She inhaled deeply as she passed the Panera, catching a slight hint of baking before remembering to pay attention before she accidentally went careening through the next street and possibly into a car. The light at Grace was red so she slowed, keeping to the curb, glancing around for cars. She came close to a stop as a car went down Grace, looked around again, behind for any cars looking to pass her, and pushed off again. It always seemed to be Laurel that was the most fraught with peril, rather than the busy Broad.

She hugged the curb as she glided through the Franklin light, passing her old dorm and the handfuls of other students on their way to classes. Glancing behind again, she swerved around an inconveniently parked SUV and slowed again as she came to the cathedral and the strange light configuration in front of it.

Avoiding a couple other students, she leaned through the turn onto the little drive that led to the Compass, wind whipping the ends of her sweater around her sides. She shook her head to clear the bits of hair from her face and slowed down for the home stretch. She clicked back down a gear and jumped the curb to the bike racks. Spotting an free space, she slowed to a stop and awkwardly dismounted. She was suddenly winded, panting hard. She tried to control it as she swung her bike around and locked it up.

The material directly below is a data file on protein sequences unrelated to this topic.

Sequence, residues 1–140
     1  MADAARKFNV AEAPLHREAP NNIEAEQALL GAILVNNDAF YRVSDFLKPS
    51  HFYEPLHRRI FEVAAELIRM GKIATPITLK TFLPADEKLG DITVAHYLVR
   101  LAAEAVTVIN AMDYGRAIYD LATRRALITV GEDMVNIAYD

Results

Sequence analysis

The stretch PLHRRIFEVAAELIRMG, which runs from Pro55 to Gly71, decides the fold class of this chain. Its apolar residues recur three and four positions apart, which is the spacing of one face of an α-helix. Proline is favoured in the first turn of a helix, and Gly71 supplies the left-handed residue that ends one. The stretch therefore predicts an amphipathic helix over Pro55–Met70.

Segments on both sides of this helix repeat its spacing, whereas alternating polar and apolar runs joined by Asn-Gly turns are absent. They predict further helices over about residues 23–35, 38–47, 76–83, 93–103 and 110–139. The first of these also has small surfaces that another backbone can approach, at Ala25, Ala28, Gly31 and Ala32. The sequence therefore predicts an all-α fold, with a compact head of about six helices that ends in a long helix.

Her mood damped slightly by the prospect of English, she entered the library and descended the stairs to her basement classroom.

She couldn't wait for the bike ride back.